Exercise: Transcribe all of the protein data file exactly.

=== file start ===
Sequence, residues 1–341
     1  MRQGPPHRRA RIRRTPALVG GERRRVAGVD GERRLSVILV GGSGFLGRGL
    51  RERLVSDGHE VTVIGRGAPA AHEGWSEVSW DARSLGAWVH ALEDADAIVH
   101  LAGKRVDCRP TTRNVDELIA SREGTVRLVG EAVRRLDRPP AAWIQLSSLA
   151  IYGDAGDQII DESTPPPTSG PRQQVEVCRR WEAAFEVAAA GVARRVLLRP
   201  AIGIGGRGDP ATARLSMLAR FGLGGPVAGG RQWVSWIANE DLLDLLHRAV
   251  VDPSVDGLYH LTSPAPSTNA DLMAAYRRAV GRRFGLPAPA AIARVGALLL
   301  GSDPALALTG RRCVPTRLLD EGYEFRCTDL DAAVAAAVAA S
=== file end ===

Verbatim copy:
Sequence, residues 1–341
     1  MRQGPPHRRA RIRRTPALVG GERRRVAGVD GERRLSVILV GGSGFLGRGL
    51  RERLVSDGHE VTVIGRGAPA AHEGWSEVSW DARSLGAWVH ALEDADAIVH
   101  LAGKRVDCRP TTRNVDELIA SREGTVRLVG EAVRRLDRPP AAWIQLSSLA
   151  IYGDAGDQII DESTPPPTSG PRQQVEVCRR WEAAFEVAAA GVARRVLLRP
   201  AIGIGGRGDP ATARLSMLAR FGLGGPVAGG RQWVSWIANE DLLDLLHRAV
   251  VDPSVDGLYH LTSPAPSTNA DLMAAYRRAV GRRFGLPAPA AIARVGALLL
   301  GSDPALALTG RRCVPTRLLD EGYEFRCTDL DAAVAAAVAA S